Local Journalism Initiative Reporter
Residents of the Region of Queens Municipality (RQM) who have been suffering from slow or no internet service now have high-speed service to enjoy or look forward to.
According to a news release recently issued by the municipality, Bell Canada has completed work it undertook over the spring and summer and was hooking up approximately 1,273 households. Another 74 households are on deck to be hooked up shortly.
This brings the total to about 1,347 households with high-speed internet running at about 100 Mbps (megabits per second) in Central (936) and North Queens (411).
RQM Mayor David Dagley hailed it as a massive and needed project for the municipality.
"It's absolutely huge. It's critical to the residents to have this," he said. "We have worked as council for more than three years. Now we are seeing it pay off."
The municipality earmarked $1 million in its 2020 budget for internet service expansion, "and it was the best decision we have ever made with taxpayers' money," said the mayor.
Homes in parts of Labelle, Caledonia, Westfield, Harmony Mills and Buckfield now can receive internet with speeds of up to 100 Mbps.
This was the first phase of the Bell project, Fibre to the Home Footprint Expansion, that was approved in February 2020 with funding through the provincial government's Internet for Nova Scotia Initiative, a program managed by Develop Nova Scotia.
RQM contributed $435,500 to the $1.9 million project, Develop Nova Scotia $487,000, and Bell Canada funded the balance.
To initiate the project, last year RQM directed $64,500 towards installing fibre backbone along Highway 210 in Central Queens and Highway 8 in North Queens.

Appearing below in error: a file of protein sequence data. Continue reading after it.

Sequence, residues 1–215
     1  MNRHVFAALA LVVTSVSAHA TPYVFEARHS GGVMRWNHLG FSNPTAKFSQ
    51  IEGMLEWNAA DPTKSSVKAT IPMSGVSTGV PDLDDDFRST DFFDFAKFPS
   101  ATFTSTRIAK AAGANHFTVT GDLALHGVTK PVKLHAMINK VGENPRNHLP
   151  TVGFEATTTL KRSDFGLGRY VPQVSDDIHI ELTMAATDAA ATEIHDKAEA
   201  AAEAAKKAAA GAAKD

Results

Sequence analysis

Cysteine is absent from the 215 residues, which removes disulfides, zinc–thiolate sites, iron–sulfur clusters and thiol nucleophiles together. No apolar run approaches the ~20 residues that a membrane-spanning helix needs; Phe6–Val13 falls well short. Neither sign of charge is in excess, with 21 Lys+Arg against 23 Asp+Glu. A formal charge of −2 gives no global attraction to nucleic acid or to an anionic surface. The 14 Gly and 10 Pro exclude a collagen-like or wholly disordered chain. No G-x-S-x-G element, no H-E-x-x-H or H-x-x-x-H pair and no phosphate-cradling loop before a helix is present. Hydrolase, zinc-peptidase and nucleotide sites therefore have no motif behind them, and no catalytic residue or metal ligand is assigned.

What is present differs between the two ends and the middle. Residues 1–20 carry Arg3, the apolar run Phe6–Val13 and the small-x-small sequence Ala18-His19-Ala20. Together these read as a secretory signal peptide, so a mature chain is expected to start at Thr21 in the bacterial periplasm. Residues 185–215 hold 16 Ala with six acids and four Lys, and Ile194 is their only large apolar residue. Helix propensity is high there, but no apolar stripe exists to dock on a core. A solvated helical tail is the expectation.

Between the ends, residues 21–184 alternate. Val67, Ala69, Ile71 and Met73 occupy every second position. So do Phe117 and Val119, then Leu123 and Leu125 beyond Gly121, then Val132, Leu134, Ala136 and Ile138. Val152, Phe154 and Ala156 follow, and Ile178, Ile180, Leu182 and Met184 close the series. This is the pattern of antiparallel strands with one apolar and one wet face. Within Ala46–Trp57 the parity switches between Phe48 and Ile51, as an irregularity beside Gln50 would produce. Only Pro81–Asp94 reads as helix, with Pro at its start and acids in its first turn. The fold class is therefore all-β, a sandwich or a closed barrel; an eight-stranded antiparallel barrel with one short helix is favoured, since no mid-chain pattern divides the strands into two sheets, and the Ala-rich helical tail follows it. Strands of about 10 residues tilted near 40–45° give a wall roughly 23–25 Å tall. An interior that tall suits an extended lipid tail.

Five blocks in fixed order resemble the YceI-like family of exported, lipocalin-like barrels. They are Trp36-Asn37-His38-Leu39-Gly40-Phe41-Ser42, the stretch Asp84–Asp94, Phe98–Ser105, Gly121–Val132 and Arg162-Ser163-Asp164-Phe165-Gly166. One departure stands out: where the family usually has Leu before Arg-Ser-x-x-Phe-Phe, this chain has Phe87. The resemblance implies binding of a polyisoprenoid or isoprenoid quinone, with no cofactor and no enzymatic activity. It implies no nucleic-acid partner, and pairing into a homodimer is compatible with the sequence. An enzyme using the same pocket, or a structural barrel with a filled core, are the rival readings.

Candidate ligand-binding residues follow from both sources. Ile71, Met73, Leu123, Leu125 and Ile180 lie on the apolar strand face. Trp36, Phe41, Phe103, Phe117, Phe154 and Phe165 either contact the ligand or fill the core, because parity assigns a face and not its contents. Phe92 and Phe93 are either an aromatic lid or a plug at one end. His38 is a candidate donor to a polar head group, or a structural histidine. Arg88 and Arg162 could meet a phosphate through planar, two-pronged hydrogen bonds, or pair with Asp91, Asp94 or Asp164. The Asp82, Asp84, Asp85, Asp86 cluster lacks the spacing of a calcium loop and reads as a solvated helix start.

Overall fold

Dagley lamented that the federal program, Connect to Innovate, was merely looking for a minimum standard of internet to be installed in rural areas.
"That upset me," he said, explaining, "we could not build on that type of internet line and expand. So we asked Bell to upgrade to fibre optic and RQM funded that increase. I think that was the right decision, and the only one that would work for residents."
A second phase of the project will enable more homes to be hooked up, however details are not yet available.
"We identified holes in that first phase. It was a lot of work for Bell to go out and determine if power lines were running in every area, what the tree cover was, what the distances were," explained Dagley. "It wasn't just about putting in a bid, you have to know what it's going to cost you. Develop Nova Scotia wanted to know a lot of details and Bell just couldn't get it all in for the first application, so there will be a second phase and that was approved by Develop NS," said Dagley.
This second phase will expand coverage in Central and North Queens taking the cable as far as Pleasant River, North Brookfield, farther into West Caledonia, along Molega Road, Wildcat Reserve, Greenfield and down to the Medway River area.
It will also include under-serviced homes in places such as Port Joli, Port L'Hebert and St. Catherines River Road.
According to Dagley, the plan is to have the work on the second phase completed by late spring, 2021.